In flagrante, to be caught doing something you shouldn’t be doing, is a subject that was famously documented by Manx photographer Chris Killip in the 1980s. My tutor had referred to him in my Assignment 3: Monochrome feedback because of the connection to Redcar. Until now I hadn’t heard of Chris Killip and the more I discovered about his work the more I felt it deserved it’s own blog post instead of being tagged onto the end of my assignment reflection. Chris Killip’s photo book documents 1980s life in the north of England’s communities and how they are being affected by deindustrialisation.
The objective history of England doesn’t amount to much if you don’t believe in it, and I don’t, and I don’t believe that anyone in these photographs does either as they face the reality of de-industrialisation in a system which regards their lives as disposable. To the people in these photographs I am superfluous, my life does not depend on their struggle, only my hopes. This is a subjective book about my time in England. I take what isn’t mine and I covet other peoples lives. The photographs can tell you more about me than about what they describe. The book is a fiction about metaphor.”
Chris Killip, Foreword to In Flagrante, 1988
Some of Killip’s photographs are taken near Redcar, including ‘Crabs and People’ (above) at Skinningrove. There are many uncertain, broken relationships between the subjects in the image above. None of the people or the two dogs are looking at each other. They are all looking out of the picture, maybe to the thought of better things. Killip’s snapshot approach keeps his images real with more questions than there are answers. This may reflect the uncertainty many people may have felt at the time about unemployment in particular. My questions include: Did the mother and baby arrive with the two men in the car? Who was it that went crab fishing? What has the dog in the lower right hand corner seen? Why has one man stayed in the car? Has he just arrived?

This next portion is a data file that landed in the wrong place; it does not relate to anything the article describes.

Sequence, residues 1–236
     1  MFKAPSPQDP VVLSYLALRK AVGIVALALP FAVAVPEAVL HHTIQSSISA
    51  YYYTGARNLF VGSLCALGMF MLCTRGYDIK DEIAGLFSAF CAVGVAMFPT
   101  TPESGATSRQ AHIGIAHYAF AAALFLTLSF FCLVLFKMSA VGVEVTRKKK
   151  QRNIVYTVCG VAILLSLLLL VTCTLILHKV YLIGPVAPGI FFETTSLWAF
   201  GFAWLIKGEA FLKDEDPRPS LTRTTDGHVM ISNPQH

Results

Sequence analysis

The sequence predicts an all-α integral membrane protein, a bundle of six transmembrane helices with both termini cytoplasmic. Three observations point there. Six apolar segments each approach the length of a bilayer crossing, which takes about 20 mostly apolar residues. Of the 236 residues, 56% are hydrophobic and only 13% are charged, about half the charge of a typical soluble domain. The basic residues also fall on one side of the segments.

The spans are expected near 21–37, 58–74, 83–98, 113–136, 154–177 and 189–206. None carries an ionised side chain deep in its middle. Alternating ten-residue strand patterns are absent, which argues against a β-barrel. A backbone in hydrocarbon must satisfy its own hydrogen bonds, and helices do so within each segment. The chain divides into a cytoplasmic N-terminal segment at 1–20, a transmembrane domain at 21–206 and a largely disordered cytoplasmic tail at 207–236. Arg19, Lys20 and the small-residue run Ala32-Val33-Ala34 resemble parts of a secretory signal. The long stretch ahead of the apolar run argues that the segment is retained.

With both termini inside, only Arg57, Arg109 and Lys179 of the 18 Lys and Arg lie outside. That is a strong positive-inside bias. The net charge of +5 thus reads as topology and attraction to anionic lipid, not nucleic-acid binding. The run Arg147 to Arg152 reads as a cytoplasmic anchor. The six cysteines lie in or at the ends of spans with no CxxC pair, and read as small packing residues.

Killip’s images are similar to my monochrome assignment in terms of the bleak location of the beach, but his have a stronger social connection with the environment providing a setting rather than being the subject. There is a lack of connection between the subjects in his images, such as Beaver (above), and the bleakness of their surroundings underlines the harshness of their own lives.
Another local photographer is Ian Macdonald, who photographs the relationship between people and their industrial environment. With its mix of industry, beaches, moors and social disparities, Cleveland offers many opportunities for photographers to document a variety of interactions.
Macdonald’s image above was taken at Redcar and shows a different interpretation of life in the early 1980’s when compared to Killip. The people on the beach are interacting, enjoying a picnic, with the industrial smoke in the background. It has been taken slightly further along the sand dunes from where I took this image (below) for my Monochrome assignment.
The people in Macdonald’s image appear to be more at home in the scene than Killip’s photographs.
Both Killip’s and Macdonald’s work is referred to in Simon Robert’s blog called We English. Simon Roberts has involved the public in expressing what it means to be English, to produce an exhibition that has been commissioned by the Bradford’s National Media Museum. Robert’s gallery depicts English life and it’s relationship with the landscape. Rather than focusing on the subject of events it fills in some of the gaps and surrounding edges, such as ‘Skegness Beach’ (below) which shows people leaving the beach rather than interacting with it.
You can listen to Simon Roberts’ explanation for We English in the video clip below.
Ironically the political climate of unemployment and economic problems that inspired Killip are similar to what we’re facing in today’s era of austerity. This is something I may continue to explore for my 5th assignment. Instead of rushing in I’m going to spend more time researching this area and thinking of posibilities.